Friday, October 5, 2018

Handbook for Dragon Slayers - Merrie Haskell

Summary: Thirteen-year-old Princess Matilda, whose lame foot brings fear of the evil eye, has never given much thought to dragons, attending instead to her endless duties and wishing herself free of a princess's responsibilities.

When a greedy cousin steals Tilda's lands, the young princess goes on the run with two would-be dragon slayers. Before long she is facing down the Wild Hunt, befriending magical horses, and battling flame-spouting dragons. On the adventure of a lifetime, and caught between dreams of freedom and the people who need her, Tilda learns more about dragons—and herself—than she ever imagined.

Merrie Haskell, author of The Princess Curse, presents a magical tale of transformation, danger, and duty, starring a remarkable princess as stubborn as she is brave. (Summary and picture from

My Review: I heard about this book over at Disability in Kidlit while doing some research for some of my own stories.  This premise grabbed me straightaway--I love children's fantasy stories, and dragons, and the heroine sounded like a good solid character. 

And she was.  She totally was.  And I tell you I am not one to normally volunteer picking up princess stories, so that's saying something.  But this did not feel like a princess story at all (sorry if that's what you were looking for.  Though I've not read it in years, I kept thinking of Dealing With Dragons and its unconventional princess).

This book was quite a fun ride.  It felt historical while also being magical, as the characters reference real places and saints and events (which of course overlap with the saints who tame and destroy dragons from medieval folklore).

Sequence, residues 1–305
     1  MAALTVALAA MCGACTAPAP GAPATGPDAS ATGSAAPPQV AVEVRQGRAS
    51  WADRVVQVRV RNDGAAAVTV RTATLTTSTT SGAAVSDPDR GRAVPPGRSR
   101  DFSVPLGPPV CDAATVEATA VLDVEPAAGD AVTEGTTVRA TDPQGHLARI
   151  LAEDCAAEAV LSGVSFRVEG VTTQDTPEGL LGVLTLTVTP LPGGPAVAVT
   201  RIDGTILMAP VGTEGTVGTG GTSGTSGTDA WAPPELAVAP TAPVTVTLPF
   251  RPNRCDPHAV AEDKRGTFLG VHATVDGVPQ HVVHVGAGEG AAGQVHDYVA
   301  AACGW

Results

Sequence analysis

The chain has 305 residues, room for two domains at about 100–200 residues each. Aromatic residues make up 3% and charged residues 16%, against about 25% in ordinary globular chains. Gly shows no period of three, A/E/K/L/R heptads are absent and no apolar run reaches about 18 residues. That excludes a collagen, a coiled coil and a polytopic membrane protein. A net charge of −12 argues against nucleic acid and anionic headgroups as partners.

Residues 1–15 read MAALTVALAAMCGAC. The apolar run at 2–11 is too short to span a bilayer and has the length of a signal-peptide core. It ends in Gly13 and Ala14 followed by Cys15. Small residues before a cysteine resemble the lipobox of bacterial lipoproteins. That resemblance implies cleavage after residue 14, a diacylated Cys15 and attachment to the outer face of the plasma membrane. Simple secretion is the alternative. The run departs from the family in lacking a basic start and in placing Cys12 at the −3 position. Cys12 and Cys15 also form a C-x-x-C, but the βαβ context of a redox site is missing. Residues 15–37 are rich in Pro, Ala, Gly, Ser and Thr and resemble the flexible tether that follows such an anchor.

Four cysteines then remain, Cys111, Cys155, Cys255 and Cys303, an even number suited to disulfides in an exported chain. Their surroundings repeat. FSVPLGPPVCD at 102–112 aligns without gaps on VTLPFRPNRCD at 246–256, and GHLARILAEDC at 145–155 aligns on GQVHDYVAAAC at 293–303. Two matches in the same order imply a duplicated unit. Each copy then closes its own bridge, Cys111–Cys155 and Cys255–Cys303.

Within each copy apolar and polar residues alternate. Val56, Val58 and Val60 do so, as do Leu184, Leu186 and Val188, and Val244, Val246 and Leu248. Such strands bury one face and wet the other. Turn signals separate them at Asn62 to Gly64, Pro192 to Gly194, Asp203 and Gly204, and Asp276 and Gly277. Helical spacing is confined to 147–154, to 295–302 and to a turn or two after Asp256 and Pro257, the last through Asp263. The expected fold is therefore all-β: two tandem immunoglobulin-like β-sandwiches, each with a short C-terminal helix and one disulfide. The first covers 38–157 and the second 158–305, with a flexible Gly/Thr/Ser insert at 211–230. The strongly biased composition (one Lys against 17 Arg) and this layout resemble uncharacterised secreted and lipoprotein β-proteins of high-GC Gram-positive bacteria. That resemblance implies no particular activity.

Basically, Tilda is one fun character.  Though burdened with the job of her status, she longs most of all to write a book of her very own, even daydreaming about running away to a nunnery so that she will have the peace and quiet she needs to do so.  She finally does get the opportunity to start her book, and is thrown into a slew of other adventures along the way.  And even though her club foot can be a bother, she doesn't let it stop her from writing books, from taming horses and meeting dragons.  It's addressed and dealt with while also not being the main problem, which is great. 

I feel like a lot of stories that have a disabled character focus a whole lot on the disability.  Not that this is bad, it's good to know and understand.  But in many stories like that, their disability is the only thing to them, which is untrue.  Why shouldn't characters with disabilities just have a normal story like other characters?  Sure they have different obstacles to overcome and teach us how, but why can't they be the hero, solve mysteries, go on adventures?  I say they should, and we should have more media as such, so thank you, Merrie Haskell.

We get magic, we get adventure, we get dragons, we even get some fantastical metal horses from the Wild Hunt.  We get all sorts of good and exciting and scary stuff.  And I always love when we get to see something from another side, a major case here being the dragons. 

Definitely a must for any fan of fantasy, dragons, and adventure.

My Rating: Four Stars

For the sensitive reader: has some scary, adventurous elements--the characters are often in danger from real and magical forces, and get pretty brutally injured at one point.

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